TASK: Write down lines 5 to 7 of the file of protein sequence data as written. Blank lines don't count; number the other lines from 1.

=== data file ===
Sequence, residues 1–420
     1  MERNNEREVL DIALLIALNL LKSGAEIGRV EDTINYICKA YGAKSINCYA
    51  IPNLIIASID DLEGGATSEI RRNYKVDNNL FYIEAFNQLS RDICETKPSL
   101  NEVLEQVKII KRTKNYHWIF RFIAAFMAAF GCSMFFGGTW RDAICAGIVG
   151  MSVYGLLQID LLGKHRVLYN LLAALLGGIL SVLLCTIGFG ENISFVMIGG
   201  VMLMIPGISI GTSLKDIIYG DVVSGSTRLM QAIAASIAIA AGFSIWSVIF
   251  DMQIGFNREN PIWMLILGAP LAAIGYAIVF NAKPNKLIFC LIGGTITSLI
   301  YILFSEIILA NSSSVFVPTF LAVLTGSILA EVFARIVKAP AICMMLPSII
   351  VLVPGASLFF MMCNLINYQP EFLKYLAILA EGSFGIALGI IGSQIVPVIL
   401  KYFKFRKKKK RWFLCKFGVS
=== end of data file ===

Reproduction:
   151  MSVYGLLQID LLGKHRVLYN LLAALLGGIL SVLLCTIGFG ENISFVMIGG
   201  VMLMIPGISI GTSLKDIIYG DVVSGSTRLM QAIAASIAIA AGFSIWSVIF
   251  DMQIGFNREN PIWMLILGAP LAAIGYAIVF NAKPNKLIFC LIGGTITSLI